Review of People, Power, and Profits

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Review

The US economy rewards the few and punishes the many, argues economist and Nobel prize winner Joseph E. Stiglitz. In this penetrating overview of the state of capitalism in the United States, he acknowledges the reasons for the rise of populism after the Great Recession and offers ideas to reverse rising inequality. The former World Bank economist supports a more active federal government and stricter regulation. His engaging analysis seems unlikely to bring conservatives to his view, but it offers important food for thought about the complex, divisive relationship between democracy and capitalism. Stiglitz writes about what matters to him most in a tone that is both personal and urgent.

About the Author

Winner of the Nobel Prize in economics and a best-selling author, Joseph E. Stiglitz served as an economic adviser in the Clinton administration.

 

America is a wealthy nation, but it’s also a country with masses of poor people and a fragile safety net.

Economist and Nobel prize winner Joseph E. Stiglitz commences his argument by pointing out that for decades, politicians have followed a misguided economic policy that embraces deregulation and lower taxes while eschewing common-sense government involvement in markets. In 1981, Ronald Reagan slashed taxes and promised that supply-side economics would create prosperity, but the deep tax cuts failed to deliver. Instead, Stiglitz notes, they created huge deficits, sluggish growth and widening inequality. In 2017, Donald Trump doubled down on Reagan’s missteps, serving up further tax cuts that brought disappointing results. “Supply-side economics did not work for Reagan,” the author writes, “and it won’t work for Trump.” In truth, the United States could use higher taxes; more rigorous regulation would create a fairer economy.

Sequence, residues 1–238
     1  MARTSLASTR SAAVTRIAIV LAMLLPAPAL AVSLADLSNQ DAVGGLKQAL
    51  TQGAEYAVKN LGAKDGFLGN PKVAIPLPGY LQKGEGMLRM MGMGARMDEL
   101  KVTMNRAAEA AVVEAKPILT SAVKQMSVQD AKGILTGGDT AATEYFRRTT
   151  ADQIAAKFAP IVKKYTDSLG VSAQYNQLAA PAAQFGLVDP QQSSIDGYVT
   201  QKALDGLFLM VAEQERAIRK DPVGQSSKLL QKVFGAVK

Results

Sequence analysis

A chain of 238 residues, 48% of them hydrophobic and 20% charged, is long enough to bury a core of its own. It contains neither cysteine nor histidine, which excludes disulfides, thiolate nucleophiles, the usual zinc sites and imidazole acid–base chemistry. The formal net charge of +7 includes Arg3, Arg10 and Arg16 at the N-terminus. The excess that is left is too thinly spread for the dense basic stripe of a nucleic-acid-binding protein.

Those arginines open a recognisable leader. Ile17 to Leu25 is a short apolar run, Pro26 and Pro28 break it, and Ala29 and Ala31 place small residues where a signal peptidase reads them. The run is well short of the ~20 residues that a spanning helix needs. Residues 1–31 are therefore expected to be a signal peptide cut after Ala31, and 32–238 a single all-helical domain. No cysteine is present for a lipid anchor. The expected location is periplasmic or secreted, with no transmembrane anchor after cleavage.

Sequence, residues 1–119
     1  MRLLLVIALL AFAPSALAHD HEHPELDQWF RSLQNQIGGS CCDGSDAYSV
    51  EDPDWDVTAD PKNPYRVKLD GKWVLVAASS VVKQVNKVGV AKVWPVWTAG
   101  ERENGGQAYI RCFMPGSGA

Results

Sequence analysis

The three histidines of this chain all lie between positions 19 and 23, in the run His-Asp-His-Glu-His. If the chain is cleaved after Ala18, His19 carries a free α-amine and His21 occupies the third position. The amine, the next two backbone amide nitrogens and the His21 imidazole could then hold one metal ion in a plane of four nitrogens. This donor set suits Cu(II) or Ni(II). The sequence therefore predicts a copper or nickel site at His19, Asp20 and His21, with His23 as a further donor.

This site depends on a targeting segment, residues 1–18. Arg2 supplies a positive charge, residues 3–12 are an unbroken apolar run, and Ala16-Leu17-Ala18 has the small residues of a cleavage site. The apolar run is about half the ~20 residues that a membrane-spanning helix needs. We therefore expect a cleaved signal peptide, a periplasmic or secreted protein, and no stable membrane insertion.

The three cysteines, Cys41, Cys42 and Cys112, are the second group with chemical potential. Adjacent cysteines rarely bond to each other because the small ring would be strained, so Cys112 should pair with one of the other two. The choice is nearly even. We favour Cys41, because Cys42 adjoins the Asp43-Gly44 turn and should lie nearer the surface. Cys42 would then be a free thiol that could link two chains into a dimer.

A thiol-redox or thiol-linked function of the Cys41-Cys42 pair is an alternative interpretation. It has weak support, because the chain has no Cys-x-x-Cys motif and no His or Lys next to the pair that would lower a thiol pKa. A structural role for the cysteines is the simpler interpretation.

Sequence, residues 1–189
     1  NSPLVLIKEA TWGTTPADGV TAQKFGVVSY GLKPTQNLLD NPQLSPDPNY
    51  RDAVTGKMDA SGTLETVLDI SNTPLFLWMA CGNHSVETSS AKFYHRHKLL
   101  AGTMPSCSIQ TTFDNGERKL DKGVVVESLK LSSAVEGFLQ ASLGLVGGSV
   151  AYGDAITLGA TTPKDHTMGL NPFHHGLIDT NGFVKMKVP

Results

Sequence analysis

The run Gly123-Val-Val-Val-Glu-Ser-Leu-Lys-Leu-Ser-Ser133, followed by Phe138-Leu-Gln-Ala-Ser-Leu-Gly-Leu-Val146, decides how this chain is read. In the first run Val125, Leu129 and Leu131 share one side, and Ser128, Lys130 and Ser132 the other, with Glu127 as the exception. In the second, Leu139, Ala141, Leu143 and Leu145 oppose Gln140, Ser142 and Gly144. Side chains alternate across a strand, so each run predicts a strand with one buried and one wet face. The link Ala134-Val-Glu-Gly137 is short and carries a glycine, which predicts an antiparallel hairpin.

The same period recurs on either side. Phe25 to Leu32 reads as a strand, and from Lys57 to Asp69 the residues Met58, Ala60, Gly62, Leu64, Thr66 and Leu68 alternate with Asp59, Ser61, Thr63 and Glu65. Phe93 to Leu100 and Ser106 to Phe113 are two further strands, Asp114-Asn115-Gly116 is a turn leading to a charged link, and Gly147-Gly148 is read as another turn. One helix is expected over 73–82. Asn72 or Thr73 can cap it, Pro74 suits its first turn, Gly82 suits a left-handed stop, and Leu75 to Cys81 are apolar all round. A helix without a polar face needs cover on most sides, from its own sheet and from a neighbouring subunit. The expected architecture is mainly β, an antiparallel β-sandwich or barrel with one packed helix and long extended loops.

The US is a wealthy nation in the midst of a technological revolution. It’s also a country, Stiglitz reminds readers, with masses of poor people and a fragile safety net. In a politically divided nation, it’s easy to overlook some basic realities. For instance, a more equal society outperforms an unequal one. What’s more, the wealth of a nation shouldn’t be confused with the wealth of certain individuals. “Inequality is a choice,” the author writes. “It is not inevitable.”


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